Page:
The world needs creative, innovative and courageous young people who can connect, collaborate and act. We know that youth may only be 20% of the population but they are 100% of the future. The time is now to let them share their dreams and design the future they want to see.
In this week’s Leadership is Language review human agronomist Rebel Black sits down with Kirsty White to discuss what leadership means to her and why she thinks, at the end of the day, life is a game to be played.
Leadership is being my best, blooming where I am
We’re all leaders but great leadership requires a high level of personal responsibility.
Inspiration and leadership education is right there in front of us, we just need to open our eyes to see it.
Leadership and learning is a lifelong journey
“…..I think leadership, great leadership requires a high level of personal responsibility, and that’s a very challenging thing to do. It’s much easier for us to blame the outside world for the things that are going on in our lives or in the lives of the people that we care about. True leadership, I believe is a hundred percent self-responsibility, which then enables you to navigate through life in a more easeful way,….”
Rebel describes herself as a human agronomist with a mission to bloom where she is planted. She is passionate about connecting rural women and is both inspiring to, and inspired by, them. In 2015 Rebel launched THE Rural Woman – an online community offering programs, training and support.
In 2018 THE Seed Scheme was introduced, a project to enable 700 women-led online micro-enterprises in rural and regional Australia through strategic and aligned partnerships with business, government and philanthropists.
Rebel is many things – mentor, speaker, coach, consultant; all borne from her natural gift of communication and her belief in personal responsibility.
Kirsty is a dynamic farmer, mother and business operator from Bald Blair Angus Stud in northern NSW, with a passion for connecting and empowering the rural women in her community. With a background in business, office management and politics she brings a suite of varied skills to all she undertakes.
In this episode of Leadership is Language Sally Murfet sits down with Emma Ayliffe to discuss succession planning and the communication styles, generational drivers and relationship dynamics that can make succession a smoother and more productive process.
some of the hardest conversations are the most important conversations to have
ask yourself what is the pay-off for not having the difficult conversations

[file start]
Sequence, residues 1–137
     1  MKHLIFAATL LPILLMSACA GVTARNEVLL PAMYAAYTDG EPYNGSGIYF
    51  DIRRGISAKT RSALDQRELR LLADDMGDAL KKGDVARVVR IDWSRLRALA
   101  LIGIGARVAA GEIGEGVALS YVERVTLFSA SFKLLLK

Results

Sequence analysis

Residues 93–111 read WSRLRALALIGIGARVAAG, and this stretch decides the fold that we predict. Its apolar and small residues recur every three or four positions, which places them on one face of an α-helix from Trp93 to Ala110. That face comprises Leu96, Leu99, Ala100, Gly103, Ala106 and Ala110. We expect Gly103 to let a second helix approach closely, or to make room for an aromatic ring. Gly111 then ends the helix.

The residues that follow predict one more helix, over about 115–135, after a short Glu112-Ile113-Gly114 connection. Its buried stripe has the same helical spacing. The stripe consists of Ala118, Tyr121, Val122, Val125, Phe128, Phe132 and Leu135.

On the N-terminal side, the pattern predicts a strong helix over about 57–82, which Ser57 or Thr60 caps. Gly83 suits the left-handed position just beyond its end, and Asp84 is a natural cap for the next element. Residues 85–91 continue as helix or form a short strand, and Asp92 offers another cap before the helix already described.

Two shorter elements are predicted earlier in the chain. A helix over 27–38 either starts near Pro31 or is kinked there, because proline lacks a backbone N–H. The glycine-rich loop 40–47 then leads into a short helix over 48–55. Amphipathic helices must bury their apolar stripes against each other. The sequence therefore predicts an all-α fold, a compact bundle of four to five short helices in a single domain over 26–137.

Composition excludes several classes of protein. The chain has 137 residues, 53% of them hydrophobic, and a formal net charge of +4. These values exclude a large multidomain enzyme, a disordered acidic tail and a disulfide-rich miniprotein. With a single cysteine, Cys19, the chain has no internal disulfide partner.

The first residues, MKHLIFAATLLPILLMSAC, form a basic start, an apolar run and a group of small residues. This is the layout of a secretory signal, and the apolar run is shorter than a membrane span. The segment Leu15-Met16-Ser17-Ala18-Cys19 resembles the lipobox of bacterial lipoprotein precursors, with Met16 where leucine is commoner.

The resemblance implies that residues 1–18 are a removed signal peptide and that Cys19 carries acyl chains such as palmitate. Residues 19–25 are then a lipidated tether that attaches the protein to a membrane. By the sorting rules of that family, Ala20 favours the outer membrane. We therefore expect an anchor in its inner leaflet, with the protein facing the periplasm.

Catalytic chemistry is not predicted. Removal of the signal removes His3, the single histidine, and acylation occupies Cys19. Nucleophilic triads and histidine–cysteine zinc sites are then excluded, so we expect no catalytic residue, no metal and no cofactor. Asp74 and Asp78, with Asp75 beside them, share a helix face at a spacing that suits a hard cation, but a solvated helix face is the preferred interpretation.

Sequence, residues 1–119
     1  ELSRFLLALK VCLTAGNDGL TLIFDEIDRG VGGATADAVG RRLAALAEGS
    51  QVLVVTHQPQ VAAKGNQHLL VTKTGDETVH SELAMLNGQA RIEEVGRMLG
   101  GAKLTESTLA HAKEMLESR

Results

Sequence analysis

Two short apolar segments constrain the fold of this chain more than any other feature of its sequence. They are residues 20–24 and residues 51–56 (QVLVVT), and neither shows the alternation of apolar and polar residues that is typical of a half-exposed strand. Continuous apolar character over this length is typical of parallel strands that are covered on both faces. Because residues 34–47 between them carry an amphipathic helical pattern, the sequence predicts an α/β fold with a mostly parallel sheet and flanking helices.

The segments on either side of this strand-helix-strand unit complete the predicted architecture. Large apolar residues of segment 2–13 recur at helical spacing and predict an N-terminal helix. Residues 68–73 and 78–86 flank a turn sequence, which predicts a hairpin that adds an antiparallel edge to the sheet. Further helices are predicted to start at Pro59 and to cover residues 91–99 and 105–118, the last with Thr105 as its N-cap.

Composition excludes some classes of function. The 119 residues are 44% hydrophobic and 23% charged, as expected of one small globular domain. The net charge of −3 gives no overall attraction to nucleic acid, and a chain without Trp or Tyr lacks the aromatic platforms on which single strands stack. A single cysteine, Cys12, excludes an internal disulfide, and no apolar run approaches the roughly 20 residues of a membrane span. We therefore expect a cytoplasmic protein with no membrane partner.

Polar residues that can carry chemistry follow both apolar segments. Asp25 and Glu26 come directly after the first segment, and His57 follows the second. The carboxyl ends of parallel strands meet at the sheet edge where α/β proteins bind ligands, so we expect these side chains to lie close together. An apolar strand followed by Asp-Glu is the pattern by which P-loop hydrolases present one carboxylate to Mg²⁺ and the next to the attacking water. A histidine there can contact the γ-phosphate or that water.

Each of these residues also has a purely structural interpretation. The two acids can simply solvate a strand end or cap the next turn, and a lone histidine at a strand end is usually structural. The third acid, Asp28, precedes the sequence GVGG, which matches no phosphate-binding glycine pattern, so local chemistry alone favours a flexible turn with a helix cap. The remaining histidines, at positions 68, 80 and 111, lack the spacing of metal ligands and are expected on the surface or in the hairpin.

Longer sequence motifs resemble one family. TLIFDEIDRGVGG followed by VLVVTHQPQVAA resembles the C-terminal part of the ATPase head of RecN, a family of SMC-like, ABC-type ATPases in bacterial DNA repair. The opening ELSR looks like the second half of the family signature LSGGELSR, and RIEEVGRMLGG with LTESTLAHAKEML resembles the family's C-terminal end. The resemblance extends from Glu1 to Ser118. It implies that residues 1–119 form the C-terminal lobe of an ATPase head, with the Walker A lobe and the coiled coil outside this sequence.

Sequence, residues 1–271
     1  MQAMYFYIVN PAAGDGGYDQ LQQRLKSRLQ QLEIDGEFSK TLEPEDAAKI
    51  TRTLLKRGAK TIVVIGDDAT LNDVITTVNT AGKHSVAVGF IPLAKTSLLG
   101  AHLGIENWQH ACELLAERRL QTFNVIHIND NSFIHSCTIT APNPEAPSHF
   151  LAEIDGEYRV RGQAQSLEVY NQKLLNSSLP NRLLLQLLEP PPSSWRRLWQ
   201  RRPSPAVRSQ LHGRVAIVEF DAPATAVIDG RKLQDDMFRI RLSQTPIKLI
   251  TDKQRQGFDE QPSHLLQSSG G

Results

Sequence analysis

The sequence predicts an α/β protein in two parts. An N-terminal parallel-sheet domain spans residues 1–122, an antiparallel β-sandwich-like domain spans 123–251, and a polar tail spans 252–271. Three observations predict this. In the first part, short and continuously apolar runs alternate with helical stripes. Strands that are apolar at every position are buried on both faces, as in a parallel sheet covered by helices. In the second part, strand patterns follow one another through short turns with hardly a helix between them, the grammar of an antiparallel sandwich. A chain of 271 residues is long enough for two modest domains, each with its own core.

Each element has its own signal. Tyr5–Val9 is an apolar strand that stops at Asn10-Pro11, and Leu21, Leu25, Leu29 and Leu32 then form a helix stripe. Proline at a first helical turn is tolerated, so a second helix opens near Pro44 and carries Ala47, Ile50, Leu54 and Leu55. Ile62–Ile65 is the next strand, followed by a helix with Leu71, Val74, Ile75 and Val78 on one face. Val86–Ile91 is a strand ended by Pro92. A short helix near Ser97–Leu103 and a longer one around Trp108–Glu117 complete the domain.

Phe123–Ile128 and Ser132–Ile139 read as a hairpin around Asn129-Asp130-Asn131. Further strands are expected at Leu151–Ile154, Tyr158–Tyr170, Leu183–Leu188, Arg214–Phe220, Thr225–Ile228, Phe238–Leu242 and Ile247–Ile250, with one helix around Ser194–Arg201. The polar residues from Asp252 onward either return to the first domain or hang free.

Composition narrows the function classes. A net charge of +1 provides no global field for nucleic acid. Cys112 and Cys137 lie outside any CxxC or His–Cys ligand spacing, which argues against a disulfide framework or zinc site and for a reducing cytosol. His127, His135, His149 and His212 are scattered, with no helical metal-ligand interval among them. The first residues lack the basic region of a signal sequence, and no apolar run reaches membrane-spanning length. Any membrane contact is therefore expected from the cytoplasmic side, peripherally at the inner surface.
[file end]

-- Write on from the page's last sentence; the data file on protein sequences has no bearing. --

understand communication styles, relationship dynamics and generational drivers
PART – people, approach, relationships and timing
“…. nothing happens without relationship and communication. If you can’t get this part right, nothing else is going to happen along the way. So invest in this process. Invest in yourself so that you can sit at the table and have these conversations that are going to get great outcomes for yourself and great outcomes for the family.”
Born onto a farm on the northwest coast of Tasmania, Sally Murfet has a life-time of agricultural and people management skills. She has worked on dairy farms and in rural service businesses, managed Cattle Country magazine, been a rural property specialist and auctioneer with Elders and a project officer for industry groups. Sally brings these skills to the fore in her business Inspire AG as a human resources strategist, project manager, facilitator and thought leader.
Sally was recognised for her commitment to agriculture as the 2019 Rural Consultant of the Year. She believes “a good boss lights a fire inside people, not under them!”
Young Farming Champion and chair of the Youth Voices Leadership Team, Emma Ayliffe is a passionate and committed agronomist. She is co-owner of agricultural consultancy Summit Ag and this year launched the app Yacker in order to create real conversations amongst farmers.
Inspire AG was established to support the agri sector to embrace the power of people and culture. Inspire AG works with clients to identify how people can be the driving force to improve business productivity, performance and profit through human capital.
Francesa Earp talks to Dr Anika Molesworth about her research work in Laos and why actively listening to your people it the most important tool to understanding them.
Social and cultural factors of a community are important to leadership – understand your people
Learn from people and their situation before trying to change things
Laugh when things don’t go to plan, and understand a sense of humour can help build relationships and connections
Actively listen to people around you, hear what is said, act on it
“…..have proper conversations with farmers about why they’re doing things and what’s influencing those decisions … tailor ag extensions to why farmers are making those decisions.”
Francesca Earp is a researcher for global development, student and New Colombo Plan Scholarship recipient. She completed her honours project (University of Sydney, 2018) on the cost of foot and mouth disease control in the Lao People’s Democratic Republic. In 2019 she returned to Laos to become the In-Country Implementation Officer for two agricultural development programs conducted by Sydney University in collaboration with The Department of Livestock and Fisheries and funded by The Australian Centre for International Agricultural Research. She worked in this role until project completion in April 2020 and also worked as a gender consultant for a Business Partnership Platform Project based in Laos funded by The Department of Foreign Affairs and Trade.
Francesca began a PhD in 2019 investigating the inclusion of female farmers in agricultural development programs in Laos but, due to covid travel restrictions, has put that on hold to study a Master of Global Development at James Cook University.
Dr Anika Molesworth is the founder of Climate Wise Agriculture. She lives in the Far West of NSW Australia, where her family raises sheep and goats. It was the decade-long Millennium drought that spurred Anika’s interest in climate change, and how to ensure sustainable and vibrant farming landscapes into the future. Anika is a recognised thought-leader of agro-ecological systems resilience, she is an agricultural science researcher, communicator and works in international agricultural development.
Todays Leaderrship is Language offering sees Young Farming Champion Dione Howard interview global leadership guru Dave Stachowiak